- Spiderman push-ups: These are incline push-ups with a twist; as you lower yourself down, bring one knee to the elbow of the arm on the same side. This move also works your oblique muscles more.
If incline push-ups are too hard, try:
- Wall push-ups: These are inclined push-ups with a smaller range of motion. Place your hands on a wall at chest level and lean forward until your nose almost touches the wall.
- Knee push-ups: These push-ups have you start in a low plank position with your knees on the ground. As you get stronger, move to incline push-ups and eventually standard push-ups.
Alternatives also include specific gym machines that exercise similar muscles:
- Incline chest press: Best for your pecs, anterior deltoids, and triceps.
- Lat pull-down: Best for your lats (the muscles on the sides of your back), biceps, and forearms.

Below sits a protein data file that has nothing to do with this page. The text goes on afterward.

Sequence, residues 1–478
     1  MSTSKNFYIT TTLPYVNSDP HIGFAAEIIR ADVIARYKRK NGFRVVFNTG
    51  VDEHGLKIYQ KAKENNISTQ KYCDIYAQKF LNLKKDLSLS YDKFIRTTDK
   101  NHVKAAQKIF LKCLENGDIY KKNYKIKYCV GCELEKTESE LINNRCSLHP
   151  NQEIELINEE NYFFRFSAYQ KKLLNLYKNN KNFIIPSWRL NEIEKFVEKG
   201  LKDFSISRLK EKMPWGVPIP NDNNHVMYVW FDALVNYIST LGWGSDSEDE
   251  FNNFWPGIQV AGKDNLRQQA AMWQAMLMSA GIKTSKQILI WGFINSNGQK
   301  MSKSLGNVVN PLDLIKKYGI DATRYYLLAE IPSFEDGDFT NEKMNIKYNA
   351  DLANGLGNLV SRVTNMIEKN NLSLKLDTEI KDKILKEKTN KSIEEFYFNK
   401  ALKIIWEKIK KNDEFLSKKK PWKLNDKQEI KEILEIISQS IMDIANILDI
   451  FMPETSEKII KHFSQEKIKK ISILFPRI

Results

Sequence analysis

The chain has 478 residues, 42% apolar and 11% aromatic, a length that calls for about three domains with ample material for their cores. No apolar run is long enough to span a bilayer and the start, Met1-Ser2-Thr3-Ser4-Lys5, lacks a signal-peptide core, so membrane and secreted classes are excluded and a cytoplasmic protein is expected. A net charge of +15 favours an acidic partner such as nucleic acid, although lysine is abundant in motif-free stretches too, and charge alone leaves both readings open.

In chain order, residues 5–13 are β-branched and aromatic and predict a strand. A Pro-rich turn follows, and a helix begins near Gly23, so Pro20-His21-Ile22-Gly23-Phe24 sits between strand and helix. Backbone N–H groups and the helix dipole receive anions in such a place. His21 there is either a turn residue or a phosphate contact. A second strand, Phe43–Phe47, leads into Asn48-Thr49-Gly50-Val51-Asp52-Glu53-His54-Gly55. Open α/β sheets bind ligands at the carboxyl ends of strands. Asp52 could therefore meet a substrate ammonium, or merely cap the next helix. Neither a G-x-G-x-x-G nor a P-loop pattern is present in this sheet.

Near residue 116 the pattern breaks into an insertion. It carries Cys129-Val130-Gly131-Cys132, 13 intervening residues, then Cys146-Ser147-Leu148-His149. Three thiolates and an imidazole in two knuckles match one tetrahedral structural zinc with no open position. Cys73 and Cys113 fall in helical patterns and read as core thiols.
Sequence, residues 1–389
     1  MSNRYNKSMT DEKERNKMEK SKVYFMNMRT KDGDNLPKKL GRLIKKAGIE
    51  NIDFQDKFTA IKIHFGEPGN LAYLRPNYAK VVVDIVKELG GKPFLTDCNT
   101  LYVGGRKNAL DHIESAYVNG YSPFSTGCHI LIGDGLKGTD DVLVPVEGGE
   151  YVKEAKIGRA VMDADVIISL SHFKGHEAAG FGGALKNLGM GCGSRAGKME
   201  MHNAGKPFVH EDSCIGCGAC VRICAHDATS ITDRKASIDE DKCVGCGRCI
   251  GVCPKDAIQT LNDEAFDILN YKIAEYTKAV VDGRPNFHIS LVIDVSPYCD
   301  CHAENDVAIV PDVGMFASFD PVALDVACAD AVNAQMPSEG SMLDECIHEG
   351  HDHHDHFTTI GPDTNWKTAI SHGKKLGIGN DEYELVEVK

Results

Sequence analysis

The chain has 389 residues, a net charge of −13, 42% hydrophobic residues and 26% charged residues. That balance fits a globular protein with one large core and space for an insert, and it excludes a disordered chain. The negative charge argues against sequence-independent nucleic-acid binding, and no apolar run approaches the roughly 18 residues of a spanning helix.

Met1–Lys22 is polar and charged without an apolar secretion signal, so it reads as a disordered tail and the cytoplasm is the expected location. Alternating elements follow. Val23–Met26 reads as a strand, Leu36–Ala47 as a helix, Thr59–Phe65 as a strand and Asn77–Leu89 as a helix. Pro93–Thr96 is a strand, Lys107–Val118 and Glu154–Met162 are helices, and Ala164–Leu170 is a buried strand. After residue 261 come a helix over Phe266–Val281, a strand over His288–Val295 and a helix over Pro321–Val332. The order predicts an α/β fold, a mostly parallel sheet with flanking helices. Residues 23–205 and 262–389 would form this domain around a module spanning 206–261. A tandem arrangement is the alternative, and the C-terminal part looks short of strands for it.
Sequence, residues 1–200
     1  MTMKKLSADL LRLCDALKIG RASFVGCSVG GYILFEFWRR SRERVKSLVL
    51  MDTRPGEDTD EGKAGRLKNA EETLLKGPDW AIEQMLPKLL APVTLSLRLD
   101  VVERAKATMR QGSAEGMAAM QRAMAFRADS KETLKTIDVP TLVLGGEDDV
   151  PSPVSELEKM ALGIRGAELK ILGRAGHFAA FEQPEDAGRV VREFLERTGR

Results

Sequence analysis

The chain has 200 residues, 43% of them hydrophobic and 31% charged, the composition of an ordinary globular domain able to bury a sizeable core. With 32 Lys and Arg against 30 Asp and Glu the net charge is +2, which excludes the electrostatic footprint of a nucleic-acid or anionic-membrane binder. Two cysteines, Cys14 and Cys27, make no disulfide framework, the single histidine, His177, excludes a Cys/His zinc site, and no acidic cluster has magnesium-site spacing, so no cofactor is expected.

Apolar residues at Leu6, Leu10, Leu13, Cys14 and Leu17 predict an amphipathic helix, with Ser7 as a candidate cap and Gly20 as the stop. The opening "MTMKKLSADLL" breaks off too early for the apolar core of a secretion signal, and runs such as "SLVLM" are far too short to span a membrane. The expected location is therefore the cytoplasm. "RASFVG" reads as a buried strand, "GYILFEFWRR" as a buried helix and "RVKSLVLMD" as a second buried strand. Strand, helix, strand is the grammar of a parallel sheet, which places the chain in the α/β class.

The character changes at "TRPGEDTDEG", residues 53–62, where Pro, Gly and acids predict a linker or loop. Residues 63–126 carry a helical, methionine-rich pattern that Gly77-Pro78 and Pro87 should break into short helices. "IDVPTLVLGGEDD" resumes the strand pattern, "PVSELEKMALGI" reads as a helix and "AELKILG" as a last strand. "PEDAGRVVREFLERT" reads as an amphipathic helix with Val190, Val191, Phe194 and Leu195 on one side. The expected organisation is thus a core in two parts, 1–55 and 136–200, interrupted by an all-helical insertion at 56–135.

- Rowing machine: Best for your lats, middle back, biceps, and forearms. Unlike a simple puh-up, you will also build more muscles in your legs and core.
- Stationary bikes: If you want to exercise your entire body, build muscles, and lose body fat, choose a stationary spin bike with incorporated resistance bands for the arms.
- Dumbbells: Dumbbells’ biggest advantage is their versatility. You can use them for incline chest presses, lat pull-downs, rows, and many other exercises.
Pro tip: Try a kickboxing or boxing class at your local gym if you have pent-up frustration and want to give your upper body a good workout.
Incline push-ups are a great way to build strength and muscle, especially in your chest and shoulders. They’re also relatively easy to do and require no equipment.
If you’re looking for a new challenge, try some of the alternatives listed above. And remember, if incline push-ups are too difficult, start with knee or wall push-ups and work your way up.
Happy incline pushing!